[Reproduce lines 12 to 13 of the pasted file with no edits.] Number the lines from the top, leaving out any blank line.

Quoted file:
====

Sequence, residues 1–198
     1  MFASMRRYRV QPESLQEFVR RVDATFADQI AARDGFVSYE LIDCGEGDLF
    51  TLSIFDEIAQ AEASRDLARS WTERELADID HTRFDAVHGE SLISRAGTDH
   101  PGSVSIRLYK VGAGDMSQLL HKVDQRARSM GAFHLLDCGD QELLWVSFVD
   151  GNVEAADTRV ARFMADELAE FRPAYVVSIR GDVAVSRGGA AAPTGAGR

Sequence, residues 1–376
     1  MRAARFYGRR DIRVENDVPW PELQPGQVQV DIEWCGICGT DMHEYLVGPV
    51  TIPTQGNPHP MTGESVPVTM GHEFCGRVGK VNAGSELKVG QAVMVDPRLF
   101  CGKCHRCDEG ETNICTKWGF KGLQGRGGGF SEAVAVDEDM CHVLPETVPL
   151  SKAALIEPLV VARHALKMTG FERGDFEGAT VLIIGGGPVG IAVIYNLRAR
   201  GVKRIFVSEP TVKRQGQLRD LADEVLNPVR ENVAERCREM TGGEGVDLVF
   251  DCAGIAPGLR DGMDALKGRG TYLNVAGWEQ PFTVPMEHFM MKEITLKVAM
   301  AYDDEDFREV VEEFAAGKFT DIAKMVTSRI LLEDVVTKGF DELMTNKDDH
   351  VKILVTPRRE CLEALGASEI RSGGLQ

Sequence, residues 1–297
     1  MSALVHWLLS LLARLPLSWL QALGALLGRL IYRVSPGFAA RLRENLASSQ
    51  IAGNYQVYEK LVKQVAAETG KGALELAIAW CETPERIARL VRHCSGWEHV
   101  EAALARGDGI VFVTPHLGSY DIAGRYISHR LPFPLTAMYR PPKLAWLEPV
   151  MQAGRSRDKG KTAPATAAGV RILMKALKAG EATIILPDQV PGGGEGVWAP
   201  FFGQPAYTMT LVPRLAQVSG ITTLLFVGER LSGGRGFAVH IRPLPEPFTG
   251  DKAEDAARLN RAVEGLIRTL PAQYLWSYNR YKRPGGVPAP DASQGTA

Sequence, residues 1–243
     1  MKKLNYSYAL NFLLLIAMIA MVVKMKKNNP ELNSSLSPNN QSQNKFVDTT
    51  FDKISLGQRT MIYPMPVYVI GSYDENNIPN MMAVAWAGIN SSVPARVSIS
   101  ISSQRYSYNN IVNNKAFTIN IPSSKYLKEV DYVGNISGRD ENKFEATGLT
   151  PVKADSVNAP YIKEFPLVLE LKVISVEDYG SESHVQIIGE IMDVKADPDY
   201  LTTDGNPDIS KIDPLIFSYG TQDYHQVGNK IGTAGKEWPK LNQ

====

   251  DCAGIAPGLR DGMDALKGRG TYLNVAGWEQ PFTVPMEHFM MKEITLKVAM
   301  AYDDEDFREV VEEFAAGKFT DIAKMVTSRI LLEDVVTKGF DELMTNKDDH